Tue, Jun

Killing Children is Always Terrorism


HISTORICAL HYPOCRACY-Could somebody explain to me why the senseless unprovoked attack by one person (Salman Abidi) on an audience that included mainly innocent children at an Ariana Grande concert in Manchester, England is designated as terrorism -- while ongoing government-sanctioned senseless unprovoked attacks on innocent children in Syria, Yemen, Iraq, and elsewhere are not considered terrorism, but rather, "collateral damage?” 


I have no desire to defend either form of terrorism, but would argue that the same ancient tribal form of dehumanization and stereotyping of "the other" is occurring on both sides. It is ironic that the core values that are ironically shared by the three Abrahamic religions – especially, the commandment "Thou shall not kill" – are being utterly rejected. If possible, see if you can come up with any objective standard for determining how we could logically differentiate between the terrorism practiced on each side, unless we revert to the irrational, racist, and culturally chauvinistic blaming of "the other" who are prejudged as guilty just for the crime of being "the other.” 

  1. After the attack in Manchester at the Ariana Grande concert, President Trump described those attacked and killed as "so many young and beautiful people." Did Trump or anyone else ever describe the innocents we incessantly bomb in Iraq, Syria, Yemen and elsewhere as "so many young and beautiful people?" Why not?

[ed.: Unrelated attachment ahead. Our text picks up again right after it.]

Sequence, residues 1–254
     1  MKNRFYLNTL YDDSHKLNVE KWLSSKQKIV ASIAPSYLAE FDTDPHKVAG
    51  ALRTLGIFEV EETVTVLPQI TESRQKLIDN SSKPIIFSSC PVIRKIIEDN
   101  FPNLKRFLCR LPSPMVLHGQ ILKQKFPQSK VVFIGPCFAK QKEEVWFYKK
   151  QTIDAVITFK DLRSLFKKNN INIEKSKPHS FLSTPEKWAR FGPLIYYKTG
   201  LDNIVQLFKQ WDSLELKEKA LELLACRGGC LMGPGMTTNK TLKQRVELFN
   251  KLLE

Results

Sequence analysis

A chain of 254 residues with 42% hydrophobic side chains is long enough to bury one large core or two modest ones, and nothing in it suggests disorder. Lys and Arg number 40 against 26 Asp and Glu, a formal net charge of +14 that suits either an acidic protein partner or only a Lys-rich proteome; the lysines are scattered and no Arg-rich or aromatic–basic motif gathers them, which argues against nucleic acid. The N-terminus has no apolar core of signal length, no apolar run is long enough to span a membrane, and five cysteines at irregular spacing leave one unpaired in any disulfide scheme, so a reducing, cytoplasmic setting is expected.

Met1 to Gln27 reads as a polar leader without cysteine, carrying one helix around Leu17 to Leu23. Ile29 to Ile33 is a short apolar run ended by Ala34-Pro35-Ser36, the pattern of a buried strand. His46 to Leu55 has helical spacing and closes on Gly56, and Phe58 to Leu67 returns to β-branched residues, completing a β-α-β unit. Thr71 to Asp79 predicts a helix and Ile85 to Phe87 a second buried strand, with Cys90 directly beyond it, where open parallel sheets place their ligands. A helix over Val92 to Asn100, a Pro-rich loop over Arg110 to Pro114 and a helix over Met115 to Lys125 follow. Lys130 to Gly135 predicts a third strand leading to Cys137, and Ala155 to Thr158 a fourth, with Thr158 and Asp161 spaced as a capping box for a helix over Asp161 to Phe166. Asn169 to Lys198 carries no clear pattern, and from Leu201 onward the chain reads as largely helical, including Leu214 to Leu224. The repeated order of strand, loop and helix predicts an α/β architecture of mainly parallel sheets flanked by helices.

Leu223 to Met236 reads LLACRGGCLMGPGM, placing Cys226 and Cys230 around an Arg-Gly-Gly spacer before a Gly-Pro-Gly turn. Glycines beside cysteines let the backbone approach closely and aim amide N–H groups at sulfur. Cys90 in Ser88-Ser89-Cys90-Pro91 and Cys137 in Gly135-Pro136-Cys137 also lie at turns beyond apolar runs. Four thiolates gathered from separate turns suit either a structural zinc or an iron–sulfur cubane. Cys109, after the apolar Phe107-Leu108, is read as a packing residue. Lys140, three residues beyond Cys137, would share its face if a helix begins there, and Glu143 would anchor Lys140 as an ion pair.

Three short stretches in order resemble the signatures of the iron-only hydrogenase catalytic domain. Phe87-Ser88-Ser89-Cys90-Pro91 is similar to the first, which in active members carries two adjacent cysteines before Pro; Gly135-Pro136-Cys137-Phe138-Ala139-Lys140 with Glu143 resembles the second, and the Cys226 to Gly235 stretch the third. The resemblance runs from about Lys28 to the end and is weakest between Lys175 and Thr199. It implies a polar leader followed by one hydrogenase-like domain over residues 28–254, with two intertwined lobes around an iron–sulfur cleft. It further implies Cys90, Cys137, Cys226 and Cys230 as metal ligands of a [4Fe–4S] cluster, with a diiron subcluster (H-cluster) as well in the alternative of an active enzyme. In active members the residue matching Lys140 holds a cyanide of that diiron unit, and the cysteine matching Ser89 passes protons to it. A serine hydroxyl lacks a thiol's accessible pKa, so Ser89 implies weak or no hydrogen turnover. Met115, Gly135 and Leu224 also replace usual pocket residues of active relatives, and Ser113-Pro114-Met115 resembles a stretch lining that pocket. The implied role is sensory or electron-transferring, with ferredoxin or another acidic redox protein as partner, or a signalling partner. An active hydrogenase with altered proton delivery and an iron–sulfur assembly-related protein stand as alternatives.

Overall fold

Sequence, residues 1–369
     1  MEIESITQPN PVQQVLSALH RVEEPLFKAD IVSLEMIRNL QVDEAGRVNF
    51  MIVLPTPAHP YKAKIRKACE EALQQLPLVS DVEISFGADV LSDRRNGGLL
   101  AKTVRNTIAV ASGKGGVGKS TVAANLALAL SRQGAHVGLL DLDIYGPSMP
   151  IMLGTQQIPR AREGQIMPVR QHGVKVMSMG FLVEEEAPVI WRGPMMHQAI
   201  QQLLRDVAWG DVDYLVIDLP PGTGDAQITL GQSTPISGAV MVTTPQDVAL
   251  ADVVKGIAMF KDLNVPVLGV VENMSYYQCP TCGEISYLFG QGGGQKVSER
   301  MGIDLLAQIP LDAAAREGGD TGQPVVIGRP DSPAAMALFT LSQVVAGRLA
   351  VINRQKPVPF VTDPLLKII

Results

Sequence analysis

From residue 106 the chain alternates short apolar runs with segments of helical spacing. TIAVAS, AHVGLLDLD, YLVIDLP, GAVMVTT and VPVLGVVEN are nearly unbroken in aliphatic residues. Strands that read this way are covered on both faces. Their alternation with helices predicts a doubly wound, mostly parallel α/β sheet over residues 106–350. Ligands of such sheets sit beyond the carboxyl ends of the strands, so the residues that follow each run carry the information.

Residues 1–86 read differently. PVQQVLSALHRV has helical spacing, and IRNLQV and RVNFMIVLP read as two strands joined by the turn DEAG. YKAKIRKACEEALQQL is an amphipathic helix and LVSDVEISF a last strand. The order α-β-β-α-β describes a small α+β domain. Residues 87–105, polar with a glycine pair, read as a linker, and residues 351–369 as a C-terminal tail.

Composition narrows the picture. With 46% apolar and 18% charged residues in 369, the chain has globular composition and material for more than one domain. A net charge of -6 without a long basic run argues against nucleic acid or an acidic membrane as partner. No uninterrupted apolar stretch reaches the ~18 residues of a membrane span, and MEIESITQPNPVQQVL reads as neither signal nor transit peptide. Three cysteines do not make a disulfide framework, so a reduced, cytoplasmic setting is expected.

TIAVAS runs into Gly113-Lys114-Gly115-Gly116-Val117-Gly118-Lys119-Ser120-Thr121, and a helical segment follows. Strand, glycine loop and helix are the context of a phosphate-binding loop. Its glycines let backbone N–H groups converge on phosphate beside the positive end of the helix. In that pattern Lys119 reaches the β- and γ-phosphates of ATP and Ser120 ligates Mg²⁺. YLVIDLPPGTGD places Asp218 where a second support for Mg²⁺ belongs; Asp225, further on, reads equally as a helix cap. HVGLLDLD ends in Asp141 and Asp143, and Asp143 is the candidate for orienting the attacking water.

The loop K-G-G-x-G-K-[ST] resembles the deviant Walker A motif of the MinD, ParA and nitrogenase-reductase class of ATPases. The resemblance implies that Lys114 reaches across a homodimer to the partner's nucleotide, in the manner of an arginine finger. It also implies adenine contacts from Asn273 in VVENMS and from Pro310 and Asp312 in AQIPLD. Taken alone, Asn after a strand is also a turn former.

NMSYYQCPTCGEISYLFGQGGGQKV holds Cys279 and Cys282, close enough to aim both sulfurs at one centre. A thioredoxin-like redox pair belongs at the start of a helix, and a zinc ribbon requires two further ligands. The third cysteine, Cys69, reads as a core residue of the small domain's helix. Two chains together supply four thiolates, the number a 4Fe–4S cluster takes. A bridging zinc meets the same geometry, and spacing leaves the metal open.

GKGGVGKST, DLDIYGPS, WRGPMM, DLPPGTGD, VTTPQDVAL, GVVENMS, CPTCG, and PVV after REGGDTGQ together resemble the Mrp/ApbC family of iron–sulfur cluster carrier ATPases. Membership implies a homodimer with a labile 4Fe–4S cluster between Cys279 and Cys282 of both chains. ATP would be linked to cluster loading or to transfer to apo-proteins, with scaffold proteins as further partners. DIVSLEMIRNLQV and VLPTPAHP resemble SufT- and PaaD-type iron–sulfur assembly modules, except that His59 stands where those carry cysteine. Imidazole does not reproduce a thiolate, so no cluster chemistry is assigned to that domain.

1. If your innocent family or a good portion of it was senselessly destroyed, might the response to such irrational violence be more irrational violence, even if that only mirrors the terrorism that you find so enraging? 
  1. Each side justifies its own respective fanaticism by depicting the other as having corrupted its respective core values. Does the American press ever deal with anti-democratic regimes such as the one in Saudi Arabia, showing how our putative democracy seems to unquestioningly support it without mentioning the anti-democratic reality that people living under that regime are forced to live with? 
  1. What is the difference between this and events like Europe’s Thirty Years War (1618-1648) that took the life of 3 million to 11.5 million Christians for the sole "crime" of being Catholic or Protestant? Is that incidence of internecine warfare any different from the present endless war between Sunni and Shiites that decimates what is necessary for peaceful development? 

As humanity again seems headed toward a precipice of even greater magnitude than those in the past, the words of Jesus the Prince of Peace present an even more prescient, insightful view of the human condition on earth: "My kingdom is not of this world." This message coming from any enlightened, and dare I say messiah, still seems to be steadfastly ignored by those of all faiths who still have the chutzpah to call themselves believers.


(Leonard Isenberg is a Los Angeles observer and a contributor to CityWatch. He was a second generation teacher at LAUSD and blogs at perdaily.com. Leonard can be reached at [email protected]) Edited for CityWatch by Linda Abrams.


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